THE RAP ON KANYE

Some men tattoo their girlfriends' names on their arms. Others prefer a skull and crossbones. But rapper Kanye West always has to be different. The faded blue ink on his forearm is a list of his favorite songs: "You Made Me" (by Kanye West). "My Life" (by Kanye West). "Izzo" (by... Kanye West). "Yes, all songs by me," he says, taking a puff of his cigar and adjusting his sunglasses. "My grandfather told me shy is next to stupid. He said stand up and celebrate when you're having a good time and don't ever overcompensate for those who are intimidated by you. So here I am, celebrating."

Kanye West certainly has reason to pop a champagne cork. At 28, he's produced stellar records for figures ranging from Jay-Z to Alicia Keys, founded his own label, broke artists like John Legend and dropped his own Grammy-winning debut, 2004's "College Dropout." His single "Jesus Walks" blew holes in the notion that rap and religion just don't mix. He rhymed about his faith over music that felt more like a sophisticated soundtrack than a Power 106 hit. That single won the rapper respect (and envy) among his peers and a 2005 Grammy for best rap song. But West was just getting started.

His new record, "Late Registration," is the most dynamic and original album of the fall--maybe even the year. The first singles off the CD (in stores Aug. 30)--the refined remake of Shirley Bassey's "Diamonds Are Forever" (titled "Diamonds of Sierra Leone") and the prenuptial anthem "Golddigger"--are classic examples of his range, from the classy to the crass. And the rest of the CD? "Just imagine someone rapping over 'Star Wars,' then add a beat to it. That's my album," he says. His co-producer, Jon Brion, a man known for moody orchestrations for eccentrics like Fiona Apple, had never worked with a hip-hop artist before. "I'm sure everyone thought he was making a dangerous left turn by working with me," says Brion. "But Kanye has always challenged the advice of the music industry, and it hasn't exactly hurt his career." West was right again. The CD is layered with disparate yet somehow simpatico elements--cinematic orchestration, catchy bass-laden beats, dusty R&B samples--plus plenty of social commentary and sharp bits of humor. On "Crack Music," he raps about the parallels between bad drugs and bad hip-hop: "We invested in that. It's like we got Merrill Lynched and we been hanging from the same tree ever since." The record is an ingenious balance of arty intentions and mainstream savvy.

"I'd like to add that I think this is the best-produced record--ever," says West. So you just want to slap him, right? But for all his bravado, he still relies on the opinions of others. When a small group of people were listening to his new CD in his dressing room during a recent video shoot, he nervously hovered outside the door, then popped back into the room before it was even over: "I saw you talking over the first verse of 'Dear Mama'," he said. "You need to hear it again, because you may have missed something." Later, he quietly grilled each listener: "What do you think? I mean, really, really think?"

West had his first taste of fame at 10 when his mother, an English professor, moved the family from Chicago to China for a yearlong exchange program. "People used to come up to me and rub my skin to see if any color would come off," he recalls. "They'd never seen a black person. Everywhere I'd go, I was surrounded by a crowd." Back in Chicago, West was placed in gifted classes, and by seventh grade he was designing his own videogames on a $500 home computer. After creating the backdrop and characters, he got hooked on making the music. Four years later, West would sell songs to underground rappers at $250 a pop. "It was money on top of the paycheck from my telemarketing job, you know, convincing people to buy insurance for their Montgomery Ward products." He landed a full scholarship at the American Academy of Arts in Chicago, left to major in English at Chicago State, then dropped out to pursue his budding music career. After he coproduced a song on Mases's 1997 CD "Harlem World," he gradually became the producer du jour, working with Janet Jackson and Lauryn Hill, among others. He signed on for his own album with Jay-Z's Roc-A-Fella label in 2002 and, three years later, landed 10 Grammy nominations. Now he's CEO of GOOD Music (an acronym for Getting Out Our Dreams), with hit records by Legend and Common, and, of course, his own clothing line, Mascott. Next up: he hopes to create a comedy show similar to Dave Chappelle's.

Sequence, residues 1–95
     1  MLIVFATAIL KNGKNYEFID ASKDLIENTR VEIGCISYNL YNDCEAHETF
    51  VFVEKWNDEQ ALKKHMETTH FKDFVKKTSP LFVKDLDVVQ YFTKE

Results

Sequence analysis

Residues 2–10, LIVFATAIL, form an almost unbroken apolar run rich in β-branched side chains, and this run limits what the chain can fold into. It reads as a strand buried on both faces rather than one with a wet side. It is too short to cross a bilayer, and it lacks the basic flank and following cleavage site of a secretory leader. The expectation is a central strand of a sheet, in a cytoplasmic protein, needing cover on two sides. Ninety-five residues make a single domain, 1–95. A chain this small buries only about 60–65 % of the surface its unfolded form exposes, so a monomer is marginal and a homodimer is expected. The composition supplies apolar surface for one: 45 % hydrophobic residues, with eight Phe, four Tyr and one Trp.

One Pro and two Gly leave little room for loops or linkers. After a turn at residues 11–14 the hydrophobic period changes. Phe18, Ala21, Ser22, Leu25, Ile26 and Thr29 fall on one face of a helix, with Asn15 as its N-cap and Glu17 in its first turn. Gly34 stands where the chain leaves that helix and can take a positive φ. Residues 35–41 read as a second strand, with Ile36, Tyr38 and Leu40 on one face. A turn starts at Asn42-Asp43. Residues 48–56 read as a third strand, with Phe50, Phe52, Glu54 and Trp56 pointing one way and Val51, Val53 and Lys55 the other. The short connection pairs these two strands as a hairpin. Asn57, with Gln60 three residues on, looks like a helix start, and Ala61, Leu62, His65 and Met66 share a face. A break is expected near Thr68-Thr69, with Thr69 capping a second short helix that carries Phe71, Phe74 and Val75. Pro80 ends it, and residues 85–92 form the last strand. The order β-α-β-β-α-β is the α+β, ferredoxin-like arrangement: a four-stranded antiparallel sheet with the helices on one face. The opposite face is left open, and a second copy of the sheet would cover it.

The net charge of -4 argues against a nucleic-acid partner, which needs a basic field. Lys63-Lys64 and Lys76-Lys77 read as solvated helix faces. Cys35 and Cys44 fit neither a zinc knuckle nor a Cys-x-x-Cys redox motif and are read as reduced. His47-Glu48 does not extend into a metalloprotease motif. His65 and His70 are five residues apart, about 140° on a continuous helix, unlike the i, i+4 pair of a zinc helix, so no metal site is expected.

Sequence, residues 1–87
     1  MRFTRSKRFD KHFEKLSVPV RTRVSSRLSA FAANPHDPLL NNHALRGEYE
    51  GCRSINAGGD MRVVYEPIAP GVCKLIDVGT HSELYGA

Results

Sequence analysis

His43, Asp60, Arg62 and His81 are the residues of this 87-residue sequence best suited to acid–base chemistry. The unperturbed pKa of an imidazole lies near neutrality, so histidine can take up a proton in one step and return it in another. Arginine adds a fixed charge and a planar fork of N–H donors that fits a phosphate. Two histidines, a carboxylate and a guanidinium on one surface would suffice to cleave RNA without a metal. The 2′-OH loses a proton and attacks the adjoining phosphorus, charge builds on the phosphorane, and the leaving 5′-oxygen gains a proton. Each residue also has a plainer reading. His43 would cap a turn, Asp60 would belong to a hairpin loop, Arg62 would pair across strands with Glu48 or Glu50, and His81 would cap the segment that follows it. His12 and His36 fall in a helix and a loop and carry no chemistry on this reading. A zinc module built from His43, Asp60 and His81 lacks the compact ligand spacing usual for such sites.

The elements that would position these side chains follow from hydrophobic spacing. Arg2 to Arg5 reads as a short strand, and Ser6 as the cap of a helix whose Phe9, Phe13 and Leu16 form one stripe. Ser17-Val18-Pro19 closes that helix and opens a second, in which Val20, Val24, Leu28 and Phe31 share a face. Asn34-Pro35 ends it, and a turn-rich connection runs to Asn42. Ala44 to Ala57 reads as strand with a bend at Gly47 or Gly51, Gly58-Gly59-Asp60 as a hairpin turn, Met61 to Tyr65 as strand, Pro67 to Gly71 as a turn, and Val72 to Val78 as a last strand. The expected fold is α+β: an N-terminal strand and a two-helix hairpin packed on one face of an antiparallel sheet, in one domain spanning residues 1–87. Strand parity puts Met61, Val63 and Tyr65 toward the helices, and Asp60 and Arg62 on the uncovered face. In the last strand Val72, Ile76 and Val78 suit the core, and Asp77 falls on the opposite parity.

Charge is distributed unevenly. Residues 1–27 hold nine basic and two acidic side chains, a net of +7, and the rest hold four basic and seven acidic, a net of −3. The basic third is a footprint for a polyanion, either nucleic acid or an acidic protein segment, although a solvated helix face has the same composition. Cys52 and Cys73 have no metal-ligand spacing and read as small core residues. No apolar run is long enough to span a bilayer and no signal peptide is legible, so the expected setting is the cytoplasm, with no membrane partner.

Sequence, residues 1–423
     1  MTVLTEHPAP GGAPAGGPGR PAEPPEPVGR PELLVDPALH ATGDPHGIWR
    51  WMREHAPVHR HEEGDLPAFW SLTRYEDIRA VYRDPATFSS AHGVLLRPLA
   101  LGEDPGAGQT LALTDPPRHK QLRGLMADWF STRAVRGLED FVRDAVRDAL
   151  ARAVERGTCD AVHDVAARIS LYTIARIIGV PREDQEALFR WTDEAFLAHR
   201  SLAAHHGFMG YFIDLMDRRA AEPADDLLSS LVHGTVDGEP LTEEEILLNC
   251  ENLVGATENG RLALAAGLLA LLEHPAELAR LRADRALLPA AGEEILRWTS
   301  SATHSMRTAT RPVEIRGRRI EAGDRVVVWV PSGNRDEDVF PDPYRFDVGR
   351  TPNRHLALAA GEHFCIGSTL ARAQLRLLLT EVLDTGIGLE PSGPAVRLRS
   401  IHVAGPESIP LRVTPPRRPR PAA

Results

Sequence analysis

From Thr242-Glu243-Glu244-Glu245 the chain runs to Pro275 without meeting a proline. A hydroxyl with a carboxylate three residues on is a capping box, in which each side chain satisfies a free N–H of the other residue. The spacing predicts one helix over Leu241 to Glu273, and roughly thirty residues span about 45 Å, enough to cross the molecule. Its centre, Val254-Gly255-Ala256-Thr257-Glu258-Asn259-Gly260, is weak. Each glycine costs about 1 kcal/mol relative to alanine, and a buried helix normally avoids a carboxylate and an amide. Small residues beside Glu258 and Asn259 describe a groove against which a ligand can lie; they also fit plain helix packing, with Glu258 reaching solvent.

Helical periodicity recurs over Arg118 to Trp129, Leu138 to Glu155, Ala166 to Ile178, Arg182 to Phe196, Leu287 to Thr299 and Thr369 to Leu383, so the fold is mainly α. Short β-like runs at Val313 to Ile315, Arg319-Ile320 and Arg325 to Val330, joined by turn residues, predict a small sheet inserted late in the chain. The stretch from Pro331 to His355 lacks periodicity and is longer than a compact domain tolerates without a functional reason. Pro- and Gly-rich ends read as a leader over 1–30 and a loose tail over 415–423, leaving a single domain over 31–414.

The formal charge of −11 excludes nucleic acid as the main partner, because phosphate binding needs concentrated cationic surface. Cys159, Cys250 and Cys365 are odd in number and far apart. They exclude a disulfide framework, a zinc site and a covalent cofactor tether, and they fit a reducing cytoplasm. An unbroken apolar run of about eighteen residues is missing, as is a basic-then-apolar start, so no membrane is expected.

Jesus may still walk with West, but these days so do a bodyguard, a publicist, a manager, his DJ and the occasional video hoochie. His is not exactly a pious life, but like most good artists, West is full of contradictions. The video he directed for "Diamonds" is about the slaverylike conditions in Africa's diamond mines--yet he wears a giant rock in his ear. He's one of the few rappers to speak out against homophobia on MTV, but he disrespects women in his songs and videos. He raps about his Christian faith on one song, then talks about his sex addiction on the next. "I definitely have conflicts," he says. "Am I able to walk like I'm Jesus Christ? No, but I do a lot more right than wrong. From what I hear, all sins are equal in God's eye. But I believe some sins are worse than others." He smiles at the girl from the video. She smiles back. "That's where the concepts that I touch on all the time come from--that fight between good and evil within yourself."

It's hard to imagine when West fits those internal battles into his schedule. He's constantly moving to stay ahead of the curve. "I always wanted to be the person who shows up at school with the new [Air] Jordans first," he says. "It doesn't matter if you're the second person with the shoes. You have to be first, or no one will remember you." It's unlikely West will let us forget him any time soon.